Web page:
Tesla moved its drivers into the future with its new autopilot program.

With essentially the press of a button, thousands of Tesla owners took a dramatic technological leap forward recently as the company sent out its latest vehicle update, which included autopilot for some owners.

Tesla’s over-the-air update put the company’s vehicles at the front of the self-driving pack. The Palo Alto, California-based EV make joined Mercedes, Volvo and Audi in the market with vehicles that will remain in a lane and maintain a safe distance from the vehicle in front of it.

The latest software upgrade from the maker also allows the vehicle to find a parking space and parallel park itself – technology available in many vehicles – however, Tesla’s program has a significant upgrade compared with the others: it can change lanes.

Drivers use the turn signal to activate the lane changing program, which is called auto lane change. By using the indicator the system asks the driver to check the car’s blind spots, then ultimately it will check to see if the lane is clear and make the move.

If there is an object in the lane, it won’t attempt the move.

(Tesla owners getting autopilot now. For more, Click Here.)

There is a bit of a downside to the system: it’s the beta version which requires drivers to touch the steering wheel: not all the time, but on a regular basis.

“We’re being especially cautious at this stage so we’re advising drivers to keep their hands on the wheel just in case,” said Elon Musk, the company’s founder, during the unveiling. “Over time there will not be a need to have your hands on the wheel.”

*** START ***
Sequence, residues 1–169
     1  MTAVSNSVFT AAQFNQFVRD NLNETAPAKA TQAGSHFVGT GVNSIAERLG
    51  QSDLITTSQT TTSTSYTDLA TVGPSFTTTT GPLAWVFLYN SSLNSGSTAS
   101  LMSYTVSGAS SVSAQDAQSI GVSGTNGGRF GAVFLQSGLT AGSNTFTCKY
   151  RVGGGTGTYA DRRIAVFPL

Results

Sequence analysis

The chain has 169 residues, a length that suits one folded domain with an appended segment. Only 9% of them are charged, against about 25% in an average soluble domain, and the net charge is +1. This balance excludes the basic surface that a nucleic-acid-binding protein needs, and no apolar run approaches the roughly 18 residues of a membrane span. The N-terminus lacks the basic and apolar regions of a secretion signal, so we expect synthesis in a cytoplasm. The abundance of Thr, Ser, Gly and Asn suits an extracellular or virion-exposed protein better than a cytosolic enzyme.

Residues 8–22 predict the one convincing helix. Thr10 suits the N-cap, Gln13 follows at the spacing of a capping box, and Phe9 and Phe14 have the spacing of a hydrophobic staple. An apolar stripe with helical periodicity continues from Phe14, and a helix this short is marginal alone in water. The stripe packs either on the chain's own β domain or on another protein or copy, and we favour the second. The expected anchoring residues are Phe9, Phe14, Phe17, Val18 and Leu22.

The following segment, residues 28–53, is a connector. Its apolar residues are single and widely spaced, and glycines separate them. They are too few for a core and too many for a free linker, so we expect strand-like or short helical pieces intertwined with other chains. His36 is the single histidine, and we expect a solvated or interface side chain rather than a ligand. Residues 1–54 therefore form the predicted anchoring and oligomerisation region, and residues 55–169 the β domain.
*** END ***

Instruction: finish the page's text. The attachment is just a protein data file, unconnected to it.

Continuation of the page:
He said over time everyone’s vision of autonomy in which the driver gets in the vehicle, orders up a destination and doesn’t need to touch the wheel at all is coming, likely in the next three to five years. Musk notes that federal regulators are still scrambling to keep up with the pace of technological change in vehicles.

(GM testing fully autonomous Chevy Volts at Detroit Tech Center. Click Here for more.)

“Regulators need to see clear evidence that the reliability is there,” says Musk. “It works almost to the point where you can take your hands off,” Musk told Wired magazine, “but we won’t say that. Almost.”

The current system, which would need more sensors to offer full autonomy, is essentially for highway use only. It won’t function at speeds lower than 18 mph. Requiring drivers to touch the wheel on the regular basis is also part of a safeguard that ensures drivers don’t zone out or even fall asleep.

If the vehicle senses the driver is asleep, it will beep at the driver. If that doesn’t work, a message will flash warning the driver to take hold of the steering wheel. If nothing happens at that point, the car will eventually slow to a stop and put the hazard lights on. Audi and Mercedes-Benz employ similar systems.

(To see more about Toyota developing its autonomous “highway teammate,” Click Here.)

Perhaps the most important part of the new system is that all Teslas are connected and sharing information meaning that the systems will improve over time.  The downside? If you own a Tesla built before September 2014, the system isn’t available for your vehicle.

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